Making Distinctions

divided highwayAs a people we seem obsessed with dividing people, questions or problems into clearly defined groups. We like to draw lines. Among the lines we draw between people include male and female, conservative and liberal, young and old, Democrat and Republican, black and white, rich and poor, King James and The Message, and so on. We make distinctions about people because we find it a useful (if erroneous) way to comprehend who a person is — what they think, what they believe, or what their role in life should be.

As Jesus followers we need to remember that, “In Christ’s family there can be no division into Jew and non-Jew, slave and free, male and female.” And by extension of the principle, no division into conservative and liberal, young and old, Democrat and Republican, black and white, or rich and poor. Our common relationship with Jesus Christ involves the laying down of such cultural, political and biological identities and presumption.

What are the implications of making such distinctions?
What are the consequences of not making such distinctions?
What kind of questions does this raise for you?

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8 Responses to “Making Distinctions”

  1. Peggy says:

    Great post, Rick … I’ve been pondering these thoughts this week as I’ve been meditating on Week 12 of Pentecost in Mosaic: Global Church Community.

    Implications: a way to approach the unity Christ prayed for concerning those who are his disciples.

    Consequences: grieving the Spirit by our divisions and confirming the perception of so many that we are hypocrites.

    Jesus said that the world would know we are his disciples by our love for one another.

    I’ve taken up a new discipline of reading/listening to the Beatitudes (Matthew 5-7) daily … and I agree with Bonhoeffer when he said that unless we are steeped in these words of Christ, we will not be capable of truly being his disciples. Jesus said that the disciple, when fully formed, will be like the Master.

    It’s a matter of choice: to be nourished by the Seed (Gospel) in order to trust and obey Jesus (and love one another) or to trust and obey man’s ideas about the Gospel (Seed-substitutes) and be spiritually malnourished. (HT to Neil Cole for this awesome word picture of Seed vs Seed-substitute).

    Blessings to you, Rick — this wee Virtual Abbess is grateful to be a friend of the Blind Beggar!

  2. Patti W says:

    I too say great post Rick!
    Why is it I want to put people and especially my christian brothers and sisters into boxes? ( my words) I want to make them fit into neat categories. Only I hate hate hate it when someone does it to me.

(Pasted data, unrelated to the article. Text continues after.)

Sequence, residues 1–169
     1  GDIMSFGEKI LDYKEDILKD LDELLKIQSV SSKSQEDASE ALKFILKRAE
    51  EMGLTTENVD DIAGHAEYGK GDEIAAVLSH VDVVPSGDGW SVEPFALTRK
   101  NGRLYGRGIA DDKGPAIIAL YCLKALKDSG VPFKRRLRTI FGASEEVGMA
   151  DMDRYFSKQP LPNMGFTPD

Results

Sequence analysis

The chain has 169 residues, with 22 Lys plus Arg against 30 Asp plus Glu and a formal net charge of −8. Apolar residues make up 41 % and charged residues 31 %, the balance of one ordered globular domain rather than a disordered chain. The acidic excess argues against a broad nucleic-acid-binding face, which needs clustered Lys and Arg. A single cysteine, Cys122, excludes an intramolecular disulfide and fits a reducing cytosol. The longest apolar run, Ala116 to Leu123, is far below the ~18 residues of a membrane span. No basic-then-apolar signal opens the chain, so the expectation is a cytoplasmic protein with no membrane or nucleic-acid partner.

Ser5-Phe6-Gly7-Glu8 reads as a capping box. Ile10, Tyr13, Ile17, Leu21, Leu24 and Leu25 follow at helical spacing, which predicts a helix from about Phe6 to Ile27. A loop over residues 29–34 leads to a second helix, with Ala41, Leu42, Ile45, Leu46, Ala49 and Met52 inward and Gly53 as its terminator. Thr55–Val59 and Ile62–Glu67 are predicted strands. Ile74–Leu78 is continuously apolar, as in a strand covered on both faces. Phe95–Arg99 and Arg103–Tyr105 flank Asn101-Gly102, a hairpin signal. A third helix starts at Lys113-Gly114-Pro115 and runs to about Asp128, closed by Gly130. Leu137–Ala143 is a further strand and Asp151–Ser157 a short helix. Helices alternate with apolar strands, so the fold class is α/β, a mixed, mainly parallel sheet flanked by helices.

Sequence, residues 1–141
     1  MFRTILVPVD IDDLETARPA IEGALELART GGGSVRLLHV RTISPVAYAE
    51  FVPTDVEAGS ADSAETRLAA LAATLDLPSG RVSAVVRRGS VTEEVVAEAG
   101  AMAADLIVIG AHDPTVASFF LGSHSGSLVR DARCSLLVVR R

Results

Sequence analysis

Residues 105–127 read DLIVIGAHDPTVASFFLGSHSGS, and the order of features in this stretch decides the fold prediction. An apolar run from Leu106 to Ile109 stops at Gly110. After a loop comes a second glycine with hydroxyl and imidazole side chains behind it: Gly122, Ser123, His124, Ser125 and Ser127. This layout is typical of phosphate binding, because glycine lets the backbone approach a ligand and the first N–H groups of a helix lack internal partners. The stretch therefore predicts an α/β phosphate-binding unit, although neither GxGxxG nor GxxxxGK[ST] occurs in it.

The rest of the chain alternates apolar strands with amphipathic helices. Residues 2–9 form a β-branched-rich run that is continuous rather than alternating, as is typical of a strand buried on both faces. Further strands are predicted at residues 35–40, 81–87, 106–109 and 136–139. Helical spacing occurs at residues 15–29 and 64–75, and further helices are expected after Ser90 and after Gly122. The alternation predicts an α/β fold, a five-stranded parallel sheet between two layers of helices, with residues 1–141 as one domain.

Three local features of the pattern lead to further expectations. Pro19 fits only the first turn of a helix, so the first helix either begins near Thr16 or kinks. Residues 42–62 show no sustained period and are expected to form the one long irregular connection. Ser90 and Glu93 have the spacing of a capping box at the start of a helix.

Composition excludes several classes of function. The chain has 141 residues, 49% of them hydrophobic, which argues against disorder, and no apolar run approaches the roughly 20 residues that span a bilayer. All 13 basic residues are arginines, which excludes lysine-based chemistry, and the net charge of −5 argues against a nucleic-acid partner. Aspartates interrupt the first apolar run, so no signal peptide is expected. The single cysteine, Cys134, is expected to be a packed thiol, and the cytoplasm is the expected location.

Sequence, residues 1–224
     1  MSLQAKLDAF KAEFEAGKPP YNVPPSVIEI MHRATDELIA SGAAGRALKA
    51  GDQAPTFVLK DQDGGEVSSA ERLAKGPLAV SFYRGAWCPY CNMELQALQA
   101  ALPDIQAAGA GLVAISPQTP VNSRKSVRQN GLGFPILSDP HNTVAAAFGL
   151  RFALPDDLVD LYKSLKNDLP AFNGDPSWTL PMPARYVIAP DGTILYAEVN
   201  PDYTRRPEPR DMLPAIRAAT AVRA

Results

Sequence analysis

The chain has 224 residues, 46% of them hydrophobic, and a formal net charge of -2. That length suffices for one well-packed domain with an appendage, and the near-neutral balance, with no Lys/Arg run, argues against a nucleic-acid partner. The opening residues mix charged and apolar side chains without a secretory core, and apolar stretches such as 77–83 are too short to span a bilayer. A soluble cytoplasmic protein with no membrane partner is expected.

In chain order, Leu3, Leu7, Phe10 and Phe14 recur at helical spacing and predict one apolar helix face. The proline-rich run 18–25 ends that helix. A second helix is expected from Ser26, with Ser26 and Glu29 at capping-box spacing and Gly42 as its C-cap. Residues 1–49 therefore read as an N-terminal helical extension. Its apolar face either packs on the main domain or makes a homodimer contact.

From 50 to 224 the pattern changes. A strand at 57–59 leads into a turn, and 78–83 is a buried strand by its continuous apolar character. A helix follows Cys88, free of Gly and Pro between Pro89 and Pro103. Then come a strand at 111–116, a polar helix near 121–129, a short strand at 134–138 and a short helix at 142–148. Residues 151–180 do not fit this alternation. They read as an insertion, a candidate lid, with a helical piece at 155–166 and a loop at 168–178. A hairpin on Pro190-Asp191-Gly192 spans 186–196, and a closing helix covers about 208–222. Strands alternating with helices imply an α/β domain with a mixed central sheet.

I appreciate the Virtual Abbesses comments on being steeped in the words of Jesus.
    The Seed/Gospel says we are to love one another, no matter what the politics, race, social status, Christian views,etc.
    Satan loves to see us self destruct.
    I think meditating on the beatitudes is a great direction for the week.
    Bless you Rick!

  3. robbymac says:

    The one consequence that would be quite serous is that we would have to delete some clear Bible teaching about false teachers, false apostles, and not allowing the truth of the Gospel to be distorted.

    The Bible never warns us about being on guard against other races, the rich/poor, male and female, or generations (young or old).

    But it DOES warn about those who would corrupt the message. This is not in the same category as the other issues you mentioned.

  4. This is a tricky Scripture that has to read in the broader context of the Bible. Even then it comes down to a lot of presuppositions. For example, while there is no division between male and female, many would say this does not extend to the roles those genders play in the vocations of the Church. A simple, yet significant distinction.

    Further, not to dispute my wonderful brother & fellow YWAM maestro above, but Jesus does seem to give some pretty strong warnings against the dangers of wealth (though perhaps only tangentially of the wealthy).

    This is an important text to wrestle with, but we must be prepared that it raises more questions than it answers in many cases.

  5. Rick Meigs says:

    Thanks Peggy. I think you pointing to “the world would know we are his disciples by our love for one another” is important. Sounds like I need to check out the Mosaic Bible.

  6. Rick Meigs says:

    That is spot on Patti, we are to quick at putting Christian brothers and sisters into inappropriate boxes (I’m guilty). That is the thrust of the post.

  7. Rick Meigs says:

    Thanks Robbymac. Nice to see you dropping in. One could argue that false teachers, false apostles and the such are not part of Christ’s family, yet there is certainly a place for line drawing in such cases. Sadly, many draw that line at places scripture never intended. I once read a churches constitution that said if you were not a committed dispensationalist, you could not be a member of that body.

  8. Rick Meigs says:

    Jamie, I was hoping you would comment. Your voice is always sensitive and discerning.